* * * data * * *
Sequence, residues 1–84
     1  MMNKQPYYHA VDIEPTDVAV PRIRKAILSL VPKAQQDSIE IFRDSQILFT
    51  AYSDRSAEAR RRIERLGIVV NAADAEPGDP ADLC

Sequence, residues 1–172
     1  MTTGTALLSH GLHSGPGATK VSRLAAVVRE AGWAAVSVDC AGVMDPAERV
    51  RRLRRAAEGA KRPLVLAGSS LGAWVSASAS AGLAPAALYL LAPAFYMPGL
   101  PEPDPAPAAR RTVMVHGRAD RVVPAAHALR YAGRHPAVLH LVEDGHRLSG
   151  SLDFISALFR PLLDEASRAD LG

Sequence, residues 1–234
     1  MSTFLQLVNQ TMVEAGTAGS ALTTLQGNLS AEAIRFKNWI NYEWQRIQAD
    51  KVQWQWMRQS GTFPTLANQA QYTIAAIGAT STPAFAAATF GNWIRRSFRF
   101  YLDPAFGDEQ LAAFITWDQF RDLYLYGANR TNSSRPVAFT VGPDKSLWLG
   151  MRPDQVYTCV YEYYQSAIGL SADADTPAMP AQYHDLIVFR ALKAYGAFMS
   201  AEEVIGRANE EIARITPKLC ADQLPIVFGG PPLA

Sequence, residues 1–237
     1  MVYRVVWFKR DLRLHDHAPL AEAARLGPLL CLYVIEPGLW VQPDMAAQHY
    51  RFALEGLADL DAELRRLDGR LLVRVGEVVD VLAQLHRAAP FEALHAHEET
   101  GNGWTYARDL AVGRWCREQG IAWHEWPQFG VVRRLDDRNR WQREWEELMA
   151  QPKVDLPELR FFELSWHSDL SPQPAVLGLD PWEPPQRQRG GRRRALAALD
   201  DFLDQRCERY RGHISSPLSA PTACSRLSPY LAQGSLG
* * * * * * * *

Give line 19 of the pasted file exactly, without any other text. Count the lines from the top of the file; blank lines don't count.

   151  QPKVDLPELR FFELSWHSDL SPQPAVLGLD PWEPPQRQRG GRRRALAALD